TRUMP JUST COULDN’T STOP HIMSELF FROM SPILLING HIS GUTS TO BOB WOODWARD
The president’s ego got in the way of his own self-preservation, leading to 18 interviews with the famed journalist. “It actually reflects how deeply insecure he is about his own self-worth,” Trump biographer Tim O’Brien told the Times.
BY ERIC LUTZ
SEPTEMBER 11, 2020
Donald Trump’s aides knew this would happen. Like the lawyers who didn’t want him to sit for interviews with Robert Mueller, fully aware that he would incriminate himself, many around the president knew that talking to Bob Woodward was among the dumber things he could do from a self-preservation standpoint. A lot of the time, it’s in public figures’ interest to talk to journalists, especially if the end result will be unflattering. Participating allows them, at the very least, to get their side of the story out there. But Trump is an exception to this rule: No matter how damning a portrayal will be, it can only be made worse by him opening his mouth.
That didn’t stop him, though. One of the narcissist’s defects is believing that everyone else finds him as charming as he himself does. Though Woodward had decimated him in his 2018 book, Fear, the president seemed to believe that if he could only talk to the legendary journalist—the guy whose reporting with Carl Bernstein ultimately sunk Nixon—he could get him to see things his way. Aides tried to keep him from talking. He didn’t listen. “You don’t talk the president out of things,” a White House staffer remarked to Politico earlier this week.
His judgment, once again, proved poor: Nothing reported about Trump is likely to be as damning as his own words about the coronavirus crisis in his interviews with Woodward. In the course of the 18 —18!—conversations he had with Woodward, the president casually revealed that he knew that COVID-19 was far deadlier than the flu, spread through the air, and posed a major threat to Americans’ lives and livelihoods, but intentionally played down the danger in his public comments. The president and his propagandist, Kayleigh McEnany, have twisted themselves into pretzels trying to convince Americans that he wasn’t lying to their faces and was instead “expressing calm” to avoid inciting panic. (And yet, terrifying Americans seems integral to Trump’s reelection strategy). But the truth of the matter is can’t be spun away: The president got Americans killed. How many of the nearly 200,000 dead Americans could have been saved if he had taken action sooner, if his administration had consistently treated it as the crisis it is? How many died because they believed the president when he insisted COVID-19 was like the “sniffles?” How many people got sick because they didn’t wear masks, went about their lives as if things were normal, not taking the virus seriously—all because Trump didn’t either? It’s absolutely abominable.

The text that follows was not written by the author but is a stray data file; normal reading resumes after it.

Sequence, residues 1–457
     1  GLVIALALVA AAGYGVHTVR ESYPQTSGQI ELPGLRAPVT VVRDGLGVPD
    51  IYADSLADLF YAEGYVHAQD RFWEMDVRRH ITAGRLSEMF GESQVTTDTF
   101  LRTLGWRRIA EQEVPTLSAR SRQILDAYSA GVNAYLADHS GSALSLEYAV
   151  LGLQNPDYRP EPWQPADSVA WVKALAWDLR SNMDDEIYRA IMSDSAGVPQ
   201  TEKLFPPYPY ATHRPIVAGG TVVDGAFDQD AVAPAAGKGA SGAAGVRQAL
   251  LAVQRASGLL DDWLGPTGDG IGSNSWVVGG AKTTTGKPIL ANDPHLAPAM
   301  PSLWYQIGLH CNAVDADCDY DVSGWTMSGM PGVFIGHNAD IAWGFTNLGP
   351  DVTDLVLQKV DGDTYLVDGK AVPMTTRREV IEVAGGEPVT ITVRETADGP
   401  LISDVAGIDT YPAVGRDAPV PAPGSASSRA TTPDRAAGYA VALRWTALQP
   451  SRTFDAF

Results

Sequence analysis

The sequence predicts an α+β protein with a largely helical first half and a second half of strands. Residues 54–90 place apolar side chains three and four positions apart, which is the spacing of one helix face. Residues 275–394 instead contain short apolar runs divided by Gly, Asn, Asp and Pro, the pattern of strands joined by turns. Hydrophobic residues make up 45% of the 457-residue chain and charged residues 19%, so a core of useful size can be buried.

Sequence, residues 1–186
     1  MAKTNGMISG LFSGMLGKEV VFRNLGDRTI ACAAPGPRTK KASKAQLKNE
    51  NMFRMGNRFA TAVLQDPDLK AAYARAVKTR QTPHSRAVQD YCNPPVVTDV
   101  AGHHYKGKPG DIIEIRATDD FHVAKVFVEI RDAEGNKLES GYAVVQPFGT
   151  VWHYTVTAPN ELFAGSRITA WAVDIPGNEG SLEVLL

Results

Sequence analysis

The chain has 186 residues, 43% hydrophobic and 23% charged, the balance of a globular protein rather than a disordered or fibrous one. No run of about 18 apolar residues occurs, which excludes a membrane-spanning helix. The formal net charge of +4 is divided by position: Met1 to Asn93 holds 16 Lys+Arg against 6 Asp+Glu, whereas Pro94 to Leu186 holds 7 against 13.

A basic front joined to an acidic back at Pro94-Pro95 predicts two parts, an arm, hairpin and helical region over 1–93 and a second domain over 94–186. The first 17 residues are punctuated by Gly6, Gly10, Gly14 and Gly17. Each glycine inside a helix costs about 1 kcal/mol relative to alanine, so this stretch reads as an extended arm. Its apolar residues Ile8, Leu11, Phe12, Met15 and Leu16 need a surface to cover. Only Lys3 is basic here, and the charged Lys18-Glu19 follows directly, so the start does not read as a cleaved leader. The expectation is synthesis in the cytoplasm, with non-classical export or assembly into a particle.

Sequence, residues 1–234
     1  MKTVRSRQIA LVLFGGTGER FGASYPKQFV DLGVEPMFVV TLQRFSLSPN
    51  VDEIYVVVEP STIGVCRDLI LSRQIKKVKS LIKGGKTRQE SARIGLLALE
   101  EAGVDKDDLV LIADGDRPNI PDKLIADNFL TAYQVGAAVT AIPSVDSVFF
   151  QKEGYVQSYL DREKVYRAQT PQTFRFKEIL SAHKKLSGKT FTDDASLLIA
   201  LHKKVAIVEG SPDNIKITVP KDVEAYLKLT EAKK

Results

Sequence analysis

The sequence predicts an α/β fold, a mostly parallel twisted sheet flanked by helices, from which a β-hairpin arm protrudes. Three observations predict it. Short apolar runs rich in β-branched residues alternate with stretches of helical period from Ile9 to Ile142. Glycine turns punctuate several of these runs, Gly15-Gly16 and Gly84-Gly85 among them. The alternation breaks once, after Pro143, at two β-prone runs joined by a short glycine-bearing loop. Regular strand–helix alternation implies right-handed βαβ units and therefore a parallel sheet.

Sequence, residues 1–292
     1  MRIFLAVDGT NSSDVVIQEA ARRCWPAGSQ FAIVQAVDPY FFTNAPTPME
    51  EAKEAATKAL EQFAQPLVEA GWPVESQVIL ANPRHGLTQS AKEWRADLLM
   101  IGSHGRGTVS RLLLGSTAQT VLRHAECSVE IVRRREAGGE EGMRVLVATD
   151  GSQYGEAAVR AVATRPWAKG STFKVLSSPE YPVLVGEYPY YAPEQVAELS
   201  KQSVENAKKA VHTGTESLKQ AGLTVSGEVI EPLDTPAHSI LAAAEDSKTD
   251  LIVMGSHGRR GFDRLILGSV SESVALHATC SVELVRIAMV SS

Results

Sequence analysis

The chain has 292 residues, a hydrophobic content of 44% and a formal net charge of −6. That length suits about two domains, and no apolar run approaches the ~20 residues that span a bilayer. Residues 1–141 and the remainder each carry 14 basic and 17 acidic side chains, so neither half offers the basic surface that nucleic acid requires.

It’s also, politically speaking, one of the more astonishing own-goals in the history of the presidency. As David Frum pointed out, why, if he knew how bad it could get, didn’t he do anything, if for no other reason than to save his own ass? And why, after misleading the public about the scope of the crisis, did he tell all that to Woodward? Most of us still would have known that he had recklessly minimized the threat of the virus to keep up appearances, costing hundreds of thousands of lives—but he could have maintained some plausible deniability by not straight-up admitting that’s what he was doing. Instead, he didn’t just spill the secret to Woodward; he volunteered it.
Why? Because, as the Trump biographer and Bloomberg writer Tim O’Brien put it to the New York Times on Thursday, “he can’t help himself.” Woodward is a towering figure in political journalism, having chronicled decades of presidencies and bringing down one. “Bob Woodward is somebody that I respect, just from hearing the name for many, many years,” Trump told reporters Thursday. “Not knowing too much about his work, not caring about his work.” Talking to Woodward was just another step in his sad, 74-year quest for validation: If this important man wants to talk to me, I must be important, too. “[Woodward is] sort of the establishment media’s version of Zeus, and I think that makes him irresistible to Mr. Trump, in particular,” said O’Brien, who interviewed Trump for a 2005 biography. “It actually reflects how deeply insecure he is about his own self-worth.”
Other presidents, of course, have granted interviews to Woodward. But Trump seemed to treat him as if he were a confidante like Sean Hannity, phoning the journalist at night and spouting off about his love for Kim Jong Un and boasting that he “saved” Mohammed bin Salman for allegedly ordering the grisly murder and dismemberment of American resident Jamal Khashoggi. These are objectively grotesque and weird things to brag about. Trump, though, seemed to think they would impress Woodward. Indeed, the president went to at-times comic lengths to show off to the journalist. As CNN reports, Trump’s efforts to woo Woodward included “giving a tour of the Oval Office, discussing his preference for long neckties, and showing Woodward the hideaway office, which he smirked and called the ‘Monica Room,’ a reference to Monica Lewinsky.”
If Woodward’s reporting reaffirms Trump’s utter rottenness and unfitness for office, Trump’s participation in the book underscores his obliviousness and his desperate, all-consuming insecurity. Beating back that insecurity, of course, has been his lifelong project. For years, these naked neuroses made him a tabloid joke. Now, they’ve made him a threat to public health. He is, as always, completely at the mercy of his impulses, completely consumed by his need to prove himself, even to those who are allegedly close to him: “Honey,” he bragged to his wife, Melania Trump, at one point during the reporting of Rage, “I’m talking to Bob Woodward.”